Thiruvananthapuram, June 26 (IANS) Shaolin Kung Fu has found a welcome partner in ‘Kalaripayattu’, the classical martial arts from Kerala.
Six performers of ‘Kalaripayattu’ joined hands with Shaolin exponents at a rare fusion of the two traditional art forms in the Chinese capital on Friday, said a statement here.
The occasion was a ‘Kerala Evening’ organised at the Indian embassy in Beijing by Kerala Tourism, which is making a foray into China, a vast market with 107 million Chinese tourists travelling worldwide, according to figures available for 2014.
A shared cultural heritage was the theme as Shaolin exponents effortlessly mingled with Kalaripayattu performers in a scintillating display of martial arts.
Two Kathakali artists from Kerala then went on to enthral an audience consisting of the Who’s Who of the Chinese travel and tourism industry.
“The breathtaking fusion of ‘Kalaripayattu’ and Shaolin showed that Kerala and China have a lot in common,” said Kerala Tourism Minister A.P. Anilkumar, who is leading a state delegation to China.
“Like Kerala, China has a rich tradition of classical art forms such as the famous Dragon dance, making it easy for us to understand the country and its culture and also for the people of China to understand our culture,” said Anilkumar.
“Relations between the people of China and Kerala go back centuries when traders from China and Kerala traded commodities like spices and silk,” the minister said, adding that China and Kerala shared several cultural traditions like martial arts, ancient medicinal systems and even kitchen utensils.
“Kerala is a tiny state of India, but it is blessed with a rich geographical and cultural diversity,” said Kerala Chief Secretary Jiji Thomson, who is part of the state delegation.
“With an easy connectivity and ideal proximity, Kerala is a natural destination for visitors from China,” he added.
“The first thing that tourists from around the world see on our famous backwaters in Kerala is the Chinese fishing net along its coast. The most important thing in a kitchen in Kerala is the Chinese frying pan,” added Thomson referring to the cultural similarities between China and Kerala.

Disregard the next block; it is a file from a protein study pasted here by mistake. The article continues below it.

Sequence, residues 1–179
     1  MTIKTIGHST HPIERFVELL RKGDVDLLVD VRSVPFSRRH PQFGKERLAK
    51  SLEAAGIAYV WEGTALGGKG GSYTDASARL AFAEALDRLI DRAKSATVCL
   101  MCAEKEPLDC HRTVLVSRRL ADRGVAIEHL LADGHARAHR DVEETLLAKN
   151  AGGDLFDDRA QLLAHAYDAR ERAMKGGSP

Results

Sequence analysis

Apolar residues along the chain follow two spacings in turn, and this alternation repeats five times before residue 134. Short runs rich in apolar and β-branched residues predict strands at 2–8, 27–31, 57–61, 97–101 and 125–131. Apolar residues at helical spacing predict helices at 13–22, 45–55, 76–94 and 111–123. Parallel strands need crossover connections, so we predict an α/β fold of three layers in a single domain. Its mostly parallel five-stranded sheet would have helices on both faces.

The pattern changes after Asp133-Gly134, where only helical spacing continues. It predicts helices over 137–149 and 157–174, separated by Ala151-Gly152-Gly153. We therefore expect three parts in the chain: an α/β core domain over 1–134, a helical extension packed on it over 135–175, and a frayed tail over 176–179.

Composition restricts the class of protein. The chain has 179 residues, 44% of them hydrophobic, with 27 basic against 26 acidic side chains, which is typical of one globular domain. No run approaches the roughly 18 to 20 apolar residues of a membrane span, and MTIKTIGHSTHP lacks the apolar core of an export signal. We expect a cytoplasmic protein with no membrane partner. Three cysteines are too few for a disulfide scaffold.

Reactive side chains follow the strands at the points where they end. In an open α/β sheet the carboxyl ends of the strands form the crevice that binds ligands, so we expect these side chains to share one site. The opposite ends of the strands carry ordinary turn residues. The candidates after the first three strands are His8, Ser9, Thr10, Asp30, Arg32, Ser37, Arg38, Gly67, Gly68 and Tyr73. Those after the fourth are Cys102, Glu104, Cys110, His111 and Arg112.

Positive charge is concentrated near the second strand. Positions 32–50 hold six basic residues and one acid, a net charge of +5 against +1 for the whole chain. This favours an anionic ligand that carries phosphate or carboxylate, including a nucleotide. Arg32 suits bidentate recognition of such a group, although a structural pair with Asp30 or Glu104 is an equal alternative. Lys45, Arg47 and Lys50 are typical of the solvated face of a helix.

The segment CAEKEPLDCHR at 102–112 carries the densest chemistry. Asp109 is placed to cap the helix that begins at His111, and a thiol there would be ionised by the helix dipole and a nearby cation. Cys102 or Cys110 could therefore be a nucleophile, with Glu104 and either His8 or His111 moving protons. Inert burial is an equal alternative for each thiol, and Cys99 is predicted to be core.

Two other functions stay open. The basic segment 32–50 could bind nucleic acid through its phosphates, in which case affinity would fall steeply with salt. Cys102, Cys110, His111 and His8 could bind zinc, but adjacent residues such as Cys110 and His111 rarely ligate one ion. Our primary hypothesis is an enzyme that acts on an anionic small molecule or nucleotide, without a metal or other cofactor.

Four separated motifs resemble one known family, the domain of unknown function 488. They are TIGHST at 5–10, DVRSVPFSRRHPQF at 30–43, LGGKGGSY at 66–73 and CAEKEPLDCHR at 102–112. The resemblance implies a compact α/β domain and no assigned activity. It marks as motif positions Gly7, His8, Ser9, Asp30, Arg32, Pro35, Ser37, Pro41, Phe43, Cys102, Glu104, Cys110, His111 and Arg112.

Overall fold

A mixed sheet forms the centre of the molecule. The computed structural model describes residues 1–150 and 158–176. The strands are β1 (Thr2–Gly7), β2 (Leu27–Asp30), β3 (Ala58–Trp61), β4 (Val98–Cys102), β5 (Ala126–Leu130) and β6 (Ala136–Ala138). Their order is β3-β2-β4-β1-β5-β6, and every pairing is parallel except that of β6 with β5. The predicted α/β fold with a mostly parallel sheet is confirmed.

Chinese journalists, corporate executives, airline industry officials and tour operators were part of the select audience at the ‘Kerala Evening’.
Indian ambassador to China, Ashok K. Kantha, was also present on the occasion.
A similar show will also be organised on Saturday at the venue of the Beijing International Tourism Expo (BITE) 2015, which began on Friday.
‘Kalaripayattu’ and backwaters is the theme of the Kerala Tourism pavilion at BITE 2015. It is for the first time that Kerala Tourism is participating in the three-day BITE, the premier travel and tourism fair in Asia.
Kerala Tourism and its industry partners from the state will also participate in a road show in Shanghai on June 30. It will be the first road show ever by Kerala Tourism in China.
The visit by the Kerala Tourism delegation comes close on the heels of the three-day state visit to China by Prime Minister Narendra Modi in May, during which he announced Visa on arrival for tourists from China.
Kerala’s renowned ancient medicinal system of Ayurveda is expected to be a huge attraction for Chinese visitors along with a variety of tourism destinations and products spanning a whole spectrum of cultural and social milieu.
China and Kerala are also known for the ancient trade routes, the Spice Route and the Silk Route, linking both with the rest of the world.
“Kerala offers everything a modern day Chinese traveller aspires for,” said Kerala Tourism secretary G. Kamala Vardhana Rao.
China is a key market for Kerala Tourism as the Asian neighbour is credited with the highest number of outbound tourists in the world. Most of the tourists from China prefer Asian holiday destinations.
There has been an increase of 33.44 per cent in Chinese tourist inflow to Kerala in 2014 compared to the previous year.